When nothing else is of interest one can always stare at German actress Antje Traue’s cleavage . . .
It has been such a long while since there has been a decent big screen space movie that my pulse quickened at the mere sight of Pandorum’s opening shot of a giant spaceship slowly gliding through space. (Okay, I’ve been like this since I first saw that Imperial Star Destroyer in Star Wars. Sue me.)
Well, take a good look at that spaceship, because from there on Pandorum is all darkly lit corridors and characters leopard crawling through claustrophobic air vents with neon glow sticks clenched between their teeth. In fact Pandorum is so dark and gloomy that it easily gets our vote for most under-lit movie of the year – if not the decade! The lighting may be all mood and atmosphere, but it also means that it is difficult to follow a lot of the action, which mainly consists of crewmembers outrunning albino mutants that seemed to have strolled onto this movie’s set from The Hills Have Eyes remake.
Movie characters outrunning what they cannot possibly outrun in the first place, namely impossibly fast and strong monsters, is of course nothing new. So one should probably go with the idea that a farmer would know martial arts and stick fighting and that a trained geneticist can leap around like a circus acrobat. Sigh, long gone are the days of the original Alien (1979) in which spaceship crewmembers knew no Kung Fu at all . . .
Anyway, Pandorum is not the name of the spaceship. The spaceship’s name is the Elysium and it is on a one-way ticket to a nearby star and an inhabitable planet orbiting it. You see in a few hundred years from now humanity has completely fucked up the Earth – it is overpopulated, polluted and resources are scarce. Now it is time for humanity to find another planet to inhabit (and presumably fuck that one up too). Incidentally, Elysium is a section of the underworld in ancient Greek mythology. Whoever thinks up all these spaceship names? It’s like they’re just tempting fate!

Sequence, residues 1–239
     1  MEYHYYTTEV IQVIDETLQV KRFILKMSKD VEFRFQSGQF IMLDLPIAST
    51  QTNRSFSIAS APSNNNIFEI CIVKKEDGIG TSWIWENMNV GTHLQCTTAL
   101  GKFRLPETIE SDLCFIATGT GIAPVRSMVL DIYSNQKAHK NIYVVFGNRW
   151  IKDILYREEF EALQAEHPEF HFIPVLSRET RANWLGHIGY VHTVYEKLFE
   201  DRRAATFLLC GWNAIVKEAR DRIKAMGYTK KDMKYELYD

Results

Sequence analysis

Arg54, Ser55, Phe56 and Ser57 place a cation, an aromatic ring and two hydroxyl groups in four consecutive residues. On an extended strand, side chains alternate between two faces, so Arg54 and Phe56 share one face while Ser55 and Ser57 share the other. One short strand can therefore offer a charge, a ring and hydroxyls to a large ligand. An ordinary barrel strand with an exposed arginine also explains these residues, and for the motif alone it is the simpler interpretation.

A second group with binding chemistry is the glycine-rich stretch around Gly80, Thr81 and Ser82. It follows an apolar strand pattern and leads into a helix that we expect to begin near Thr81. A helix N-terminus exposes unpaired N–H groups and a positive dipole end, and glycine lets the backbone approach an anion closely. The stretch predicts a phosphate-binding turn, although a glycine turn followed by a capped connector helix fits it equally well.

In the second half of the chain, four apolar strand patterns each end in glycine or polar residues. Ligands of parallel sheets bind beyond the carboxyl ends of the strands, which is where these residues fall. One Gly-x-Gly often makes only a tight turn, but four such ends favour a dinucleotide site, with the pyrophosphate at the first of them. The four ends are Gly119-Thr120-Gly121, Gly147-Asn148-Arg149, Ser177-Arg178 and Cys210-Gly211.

Pandorum is instead the name of a deep space sickness that makes humans paranoid and ultimately murderously psychotic. The movie begins with two crewmembers (played by Dennis Quaid and Ben Foster) being awakened from a long period of suspended animation. The Elysium seems to be abandoned – expect for those extras from Hills Have Eyes and a handful of “normal” humans amongst them the farmer (Cung Le) who knows martial arts but no English, which leads one to safely deduce that this is not an episode of StarGate SG:1 in which EVERYBODY – including the aliens – can speak English.
What has happened to the rest of the crew? What exactly are those mutant creatures running round and where did they come from? These are only a few of the questions facing the small group of survivors. There is also a nuclear reactor about to go boom! probably because the screenwriter saw them use the same device in Aliens way back then.
Pandorum kicks off as a sci-fi movie and then turns into a horror / action movie for most of its running time before metamorphosing back into a science fiction movie for the film’s plot twist ending. Actually we kinda liked the surprise ending even though we suspected something like it. Still, the closing shots went a long way to redeem the unoriginal and clichéd proceedings preceding it. In fact we think that the real interesting story is probably what happens afterwards . . .
The sci-fi bits compensate for the unoriginal horror stuff (sorta). And when nothing else is of interest one can always stare at German actress Antje Traue’s cleavage. It makes up for a lot in this movie . . .